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Review: 'Bridesmaids'

This Judd Apatow-produced movie relies on toilet humor for easy laughs.

Set in Milwaukee and Chicago, Bridesmaids tracks the fortunes of a group of female friends as they navigate the various events that necessarily precede a celulloid wedding: dress fittings, bridal showers, bachelorette parties and girl fights. Pre-release buzz indicated that the Judd Apatow-produced movie, written by and starring Saturday Night Live's Kristen Wiig and Maya Rudolph, would give Hollywood a dose of what it lacked: girl power.

If Bridesmaids can be said to be groundbreaking for women, though, it's by the dubious distinction that they can make fart jokes, too. The film's humor is of the scatalogical variety, while burping and vomiting wisecracks are heavily encouraged.

Like Bride Wars, in which BFFs Anne Hathaway and Kate Hudson fall out over their upcoming nuptials, Bridesmaids shows that women are incapable of enjoying their friends' happiness when it comes to getting hitched. Antiheroine Annie (Wiig) is upset when her lifelong friend Lillian (Rudolph) announces her engagement, leaving her the sole single; her solipsism knows no bounds. When she picks a fight with Lillian's new friend, Helen (Rose Byrne), she tells her crying rival that "it's the first time I've seen you look ugly and that makes me kinda happy."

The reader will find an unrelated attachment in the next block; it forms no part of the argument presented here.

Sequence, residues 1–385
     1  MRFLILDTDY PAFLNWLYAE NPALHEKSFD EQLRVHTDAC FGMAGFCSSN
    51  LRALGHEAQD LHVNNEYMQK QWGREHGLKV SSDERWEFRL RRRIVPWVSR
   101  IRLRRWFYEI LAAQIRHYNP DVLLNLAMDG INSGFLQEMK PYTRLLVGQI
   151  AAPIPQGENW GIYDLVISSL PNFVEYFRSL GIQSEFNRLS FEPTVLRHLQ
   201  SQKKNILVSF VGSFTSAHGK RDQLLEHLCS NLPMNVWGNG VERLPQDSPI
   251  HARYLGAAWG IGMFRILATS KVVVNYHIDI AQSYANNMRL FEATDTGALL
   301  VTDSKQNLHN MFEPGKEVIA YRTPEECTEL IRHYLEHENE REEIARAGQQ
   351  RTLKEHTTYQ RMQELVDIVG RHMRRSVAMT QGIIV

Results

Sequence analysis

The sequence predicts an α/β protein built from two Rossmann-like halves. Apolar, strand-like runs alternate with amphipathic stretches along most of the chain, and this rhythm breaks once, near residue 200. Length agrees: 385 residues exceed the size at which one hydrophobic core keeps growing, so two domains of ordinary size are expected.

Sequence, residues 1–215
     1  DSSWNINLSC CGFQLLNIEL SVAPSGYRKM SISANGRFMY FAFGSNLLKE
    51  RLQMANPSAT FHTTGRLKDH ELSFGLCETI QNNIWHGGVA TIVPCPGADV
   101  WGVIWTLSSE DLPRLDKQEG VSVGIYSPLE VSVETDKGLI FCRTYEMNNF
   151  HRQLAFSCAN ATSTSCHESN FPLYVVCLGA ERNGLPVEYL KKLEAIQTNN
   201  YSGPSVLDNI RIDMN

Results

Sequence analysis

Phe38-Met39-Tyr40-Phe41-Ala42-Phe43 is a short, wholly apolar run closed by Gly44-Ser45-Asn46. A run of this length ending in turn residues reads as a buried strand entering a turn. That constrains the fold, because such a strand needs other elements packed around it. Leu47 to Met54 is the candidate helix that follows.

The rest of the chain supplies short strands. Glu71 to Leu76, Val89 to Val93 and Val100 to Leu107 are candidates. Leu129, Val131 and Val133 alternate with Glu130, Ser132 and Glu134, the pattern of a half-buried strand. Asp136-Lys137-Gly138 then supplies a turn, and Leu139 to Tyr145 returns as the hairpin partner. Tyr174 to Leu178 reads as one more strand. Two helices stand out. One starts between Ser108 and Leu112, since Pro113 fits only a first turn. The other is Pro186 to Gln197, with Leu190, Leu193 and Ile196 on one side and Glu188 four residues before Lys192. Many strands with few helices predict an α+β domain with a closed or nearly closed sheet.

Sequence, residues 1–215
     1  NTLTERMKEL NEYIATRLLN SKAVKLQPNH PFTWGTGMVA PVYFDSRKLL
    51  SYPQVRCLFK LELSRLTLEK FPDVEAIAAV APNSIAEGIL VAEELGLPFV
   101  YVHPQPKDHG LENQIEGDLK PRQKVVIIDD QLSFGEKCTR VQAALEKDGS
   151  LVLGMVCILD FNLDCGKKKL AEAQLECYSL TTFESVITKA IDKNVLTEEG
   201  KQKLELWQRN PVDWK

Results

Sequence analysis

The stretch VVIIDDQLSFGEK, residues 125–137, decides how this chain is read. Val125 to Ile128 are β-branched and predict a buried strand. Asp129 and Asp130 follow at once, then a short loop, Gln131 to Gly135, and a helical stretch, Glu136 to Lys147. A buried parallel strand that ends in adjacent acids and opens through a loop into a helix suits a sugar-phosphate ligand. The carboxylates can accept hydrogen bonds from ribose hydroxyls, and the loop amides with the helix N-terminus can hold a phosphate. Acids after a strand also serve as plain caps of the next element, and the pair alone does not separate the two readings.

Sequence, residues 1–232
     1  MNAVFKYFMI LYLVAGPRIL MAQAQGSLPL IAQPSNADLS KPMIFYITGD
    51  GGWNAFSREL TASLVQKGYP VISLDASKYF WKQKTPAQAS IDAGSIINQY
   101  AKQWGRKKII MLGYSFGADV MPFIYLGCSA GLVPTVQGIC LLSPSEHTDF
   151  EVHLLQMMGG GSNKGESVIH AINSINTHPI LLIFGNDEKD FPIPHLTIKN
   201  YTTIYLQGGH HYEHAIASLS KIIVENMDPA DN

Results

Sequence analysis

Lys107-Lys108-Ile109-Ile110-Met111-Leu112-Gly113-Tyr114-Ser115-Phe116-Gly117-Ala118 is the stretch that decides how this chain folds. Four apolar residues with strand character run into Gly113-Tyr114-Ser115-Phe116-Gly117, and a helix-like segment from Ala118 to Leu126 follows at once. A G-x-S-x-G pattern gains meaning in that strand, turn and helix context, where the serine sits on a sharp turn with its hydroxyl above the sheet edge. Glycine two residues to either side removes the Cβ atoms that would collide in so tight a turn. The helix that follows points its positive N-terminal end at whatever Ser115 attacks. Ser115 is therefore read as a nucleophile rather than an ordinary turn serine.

Bridesmaids drags on for 125 minutes, a fault of the editing: Not only do individual scenes wring the last ounce out of every gag, but the reaction shots linger, leaving perplexed facial expressions floundering long after every belch has faded. The film's only redeeming moments come from animals: Watch out for brief cameos by raccoons, puppies, a horse and a butterfly, who, unlike their rowdy homosapien counterparts, neither poop nor vomit.

In bromances like I Love You, Man and The Hangover, men define marriage as the stuff of nightmares. In Bridesmaids, women can't live with it (as evinced by Rita and Becca, who are both largely ignored by their husbands) but can't live without it, either (Annie suffers the ultimate humiliation of showing up solo to an engagement party.) It's a double bind to be sure, but Bridesmaids' portrayal of the state of matrimony–and platonic relationships between women–is without innovation.

Director: Paul Feig. Producer: Judd Apatow. 2011. 125 minutes. Rated R. Kristen Wiig, Maya Rudolph, Rose Byrne, Ellie Kemper, Wendi McLendon-Covey.

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